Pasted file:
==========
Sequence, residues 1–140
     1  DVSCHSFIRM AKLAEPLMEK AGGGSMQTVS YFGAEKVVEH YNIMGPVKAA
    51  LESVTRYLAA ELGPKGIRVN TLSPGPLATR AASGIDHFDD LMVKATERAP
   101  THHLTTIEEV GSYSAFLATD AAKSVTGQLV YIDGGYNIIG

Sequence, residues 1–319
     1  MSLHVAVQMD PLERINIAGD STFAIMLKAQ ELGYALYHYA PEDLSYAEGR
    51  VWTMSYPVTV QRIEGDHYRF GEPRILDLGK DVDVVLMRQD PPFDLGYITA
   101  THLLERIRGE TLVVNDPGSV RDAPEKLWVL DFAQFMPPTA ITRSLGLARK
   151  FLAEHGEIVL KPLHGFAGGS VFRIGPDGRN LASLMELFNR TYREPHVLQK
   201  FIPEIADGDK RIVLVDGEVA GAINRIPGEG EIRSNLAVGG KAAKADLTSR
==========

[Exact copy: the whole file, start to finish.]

Sequence, residues 1–140
     1  DVSCHSFIRM AKLAEPLMEK AGGGSMQTVS YFGAEKVVEH YNIMGPVKAA
    51  LESVTRYLAA ELGPKGIRVN TLSPGPLATR AASGIDHFDD LMVKATERAP
   101  THHLTTIEEV GSYSAFLATD AAKSVTGQLV YIDGGYNIIG

Sequence, residues 1–319
     1  MSLHVAVQMD PLERINIAGD STFAIMLKAQ ELGYALYHYA PEDLSYAEGR
    51  VWTMSYPVTV QRIEGDHYRF GEPRILDLGK DVDVVLMRQD PPFDLGYITA
   101  THLLERIRGE TLVVNDPGSV RDAPEKLWVL DFAQFMPPTA ITRSLGLARK
   151  FLAEHGEIVL KPLHGFAGGS VFRIGPDGRN LASLMELFNR TYREPHVLQK
   201  FIPEIADGDK RIVLVDGEVA GAINRIPGEG EIRSNLAVGG KAAKADLTSR